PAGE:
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Chapter 1 - Executive summaryAuthor(s): Matthew G. Rollins; Robert E. Keane; Zhiliang Zhu
Source: In: Rollins, Matthew G.; Frame, Christine K., tech. eds. 2006. The LANDFIRE Prototype Project: nationally consistent and locally relevant geospatial data for wildland fire management Gen. Tech. Rep. RMRS-GTR-175. Fort Collins: U.S. Department of Agriculture, Forest Service, Rocky Mountain Research Station. p. 1-4
Publication Series: General Technical Report (GTR)
Station: Rocky Mountain Research Station
PDF: View PDF (275 B)
DescriptionGeospatial data describing wildland fuel and current as well as historical vegetation conditions are essential for planning, implementing, and monitoring projects supported by the National Fire Plan and the Healthy Forests Restoration Act. Scientifically credible, consistent, and standardized spatial data allow fire and land managers to accurately identify the amount and locations of lands or communities with hazardous fuel build-up or extreme departure from historical conditions. These data also facilitate the prioritization of ecosystem restoration and hazardous fuel reduction treatments to protect ecosystems, property, and people. Moreover, these data may be used during specific wildland fire incidents to maximize firefighter safety, pre-position resources, and evaluate fire behavior under a variety of weather conditions.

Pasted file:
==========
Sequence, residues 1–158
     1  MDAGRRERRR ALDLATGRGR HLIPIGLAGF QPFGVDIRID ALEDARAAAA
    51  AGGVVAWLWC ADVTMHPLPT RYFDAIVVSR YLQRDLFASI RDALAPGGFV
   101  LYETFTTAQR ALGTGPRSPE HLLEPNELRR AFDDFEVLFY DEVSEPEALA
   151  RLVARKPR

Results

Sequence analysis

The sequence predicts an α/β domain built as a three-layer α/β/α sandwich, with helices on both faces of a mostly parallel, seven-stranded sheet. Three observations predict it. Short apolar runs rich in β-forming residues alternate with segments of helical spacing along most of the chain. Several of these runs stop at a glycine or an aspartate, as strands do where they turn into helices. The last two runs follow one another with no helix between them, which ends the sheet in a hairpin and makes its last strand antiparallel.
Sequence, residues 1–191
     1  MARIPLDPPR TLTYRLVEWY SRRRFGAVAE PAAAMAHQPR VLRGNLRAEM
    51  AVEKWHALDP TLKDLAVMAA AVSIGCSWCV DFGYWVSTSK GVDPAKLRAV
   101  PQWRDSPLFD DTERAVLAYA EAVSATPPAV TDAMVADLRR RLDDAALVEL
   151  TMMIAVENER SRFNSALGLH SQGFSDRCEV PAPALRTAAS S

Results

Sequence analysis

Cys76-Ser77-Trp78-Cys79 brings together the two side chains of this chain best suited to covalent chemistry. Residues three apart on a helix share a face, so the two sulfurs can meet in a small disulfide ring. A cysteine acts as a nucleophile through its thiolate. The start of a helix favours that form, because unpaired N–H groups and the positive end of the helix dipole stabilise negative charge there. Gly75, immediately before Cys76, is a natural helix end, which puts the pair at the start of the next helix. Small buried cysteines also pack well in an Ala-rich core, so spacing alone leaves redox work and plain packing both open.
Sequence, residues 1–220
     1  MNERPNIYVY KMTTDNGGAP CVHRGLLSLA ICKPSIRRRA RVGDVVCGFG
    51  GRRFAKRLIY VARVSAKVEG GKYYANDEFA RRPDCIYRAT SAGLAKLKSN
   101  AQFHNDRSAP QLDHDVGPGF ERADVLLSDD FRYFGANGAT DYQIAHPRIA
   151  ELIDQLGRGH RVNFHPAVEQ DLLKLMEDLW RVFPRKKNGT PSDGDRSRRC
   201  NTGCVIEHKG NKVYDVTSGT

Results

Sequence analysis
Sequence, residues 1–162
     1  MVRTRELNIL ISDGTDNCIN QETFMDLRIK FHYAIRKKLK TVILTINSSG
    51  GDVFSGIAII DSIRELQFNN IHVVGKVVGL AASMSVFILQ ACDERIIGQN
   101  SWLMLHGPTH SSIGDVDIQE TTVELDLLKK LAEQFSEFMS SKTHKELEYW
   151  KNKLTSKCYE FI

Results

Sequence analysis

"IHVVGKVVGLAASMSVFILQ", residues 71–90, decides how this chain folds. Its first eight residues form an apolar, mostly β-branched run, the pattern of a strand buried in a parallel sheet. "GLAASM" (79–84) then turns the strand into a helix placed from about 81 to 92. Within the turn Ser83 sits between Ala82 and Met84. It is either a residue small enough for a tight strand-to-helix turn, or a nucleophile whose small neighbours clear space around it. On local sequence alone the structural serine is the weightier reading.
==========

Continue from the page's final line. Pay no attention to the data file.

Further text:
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CitationRollins, Matthew G.; Keane, Robert E.; Zhu, Zhiliang. 2006. Chapter 1 - Executive summary. In: Rollins, Matthew G.; Frame, Christine K., tech. eds. 2006. The LANDFIRE Prototype Project: nationally consistent and locally relevant geospatial data for wildland fire management Gen. Tech. Rep. RMRS-GTR-175. Fort Collins: U.S. Department of Agriculture, Forest Service, Rocky Mountain Research Station. p. 1-4
Keywordsmapping wildland fuel, mapping fire regimes, Geographic Information Systems, GIS, remote sensing, fire ecology, fire behavior, wildland fire management
- Landfire: Landscape Fire and Resource Management Planning Tools Project
- The scientific foundation of the LANDFIRE Prototype Project [Chapter 3]
- Using historical simulations of vegetation to assess departure of current vegetation conditions across large landscapes[Chapter 11]
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